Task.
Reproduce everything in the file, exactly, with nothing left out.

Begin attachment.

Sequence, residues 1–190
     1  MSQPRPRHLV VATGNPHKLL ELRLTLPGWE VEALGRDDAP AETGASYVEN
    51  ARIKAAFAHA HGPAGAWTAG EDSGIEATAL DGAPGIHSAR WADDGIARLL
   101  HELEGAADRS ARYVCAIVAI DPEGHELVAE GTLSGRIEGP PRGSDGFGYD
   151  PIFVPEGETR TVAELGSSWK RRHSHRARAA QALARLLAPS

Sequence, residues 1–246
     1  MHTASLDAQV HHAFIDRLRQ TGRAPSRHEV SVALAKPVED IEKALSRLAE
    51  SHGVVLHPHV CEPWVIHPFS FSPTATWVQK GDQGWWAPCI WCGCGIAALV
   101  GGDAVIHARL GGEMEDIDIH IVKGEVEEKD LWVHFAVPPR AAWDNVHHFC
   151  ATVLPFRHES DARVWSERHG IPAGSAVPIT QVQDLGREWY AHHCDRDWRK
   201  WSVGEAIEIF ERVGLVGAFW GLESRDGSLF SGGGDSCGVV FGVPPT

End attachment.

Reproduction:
Sequence, residues 1–190
     1  MSQPRPRHLV VATGNPHKLL ELRLTLPGWE VEALGRDDAP AETGASYVEN
    51  ARIKAAFAHA HGPAGAWTAG EDSGIEATAL DGAPGIHSAR WADDGIARLL
   101  HELEGAADRS ARYVCAIVAI DPEGHELVAE GTLSGRIEGP PRGSDGFGYD
   151  PIFVPEGETR TVAELGSSWK RRHSHRARAA QALARLLAPS

Sequence, residues 1–246
     1  MHTASLDAQV HHAFIDRLRQ TGRAPSRHEV SVALAKPVED IEKALSRLAE
    51  SHGVVLHPHV CEPWVIHPFS FSPTATWVQK GDQGWWAPCI WCGCGIAALV
   101  GGDAVIHARL GGEMEDIDIH IVKGEVEEKD LWVHFAVPPR AAWDNVHHFC
   151  ATVLPFRHES DARVWSERHG IPAGSAVPIT QVQDLGREWY AHHCDRDWRK
   201  WSVGEAIEIF ERVGLVGAFW GLESRDGSLF SGGGDSCGVV FGVPPT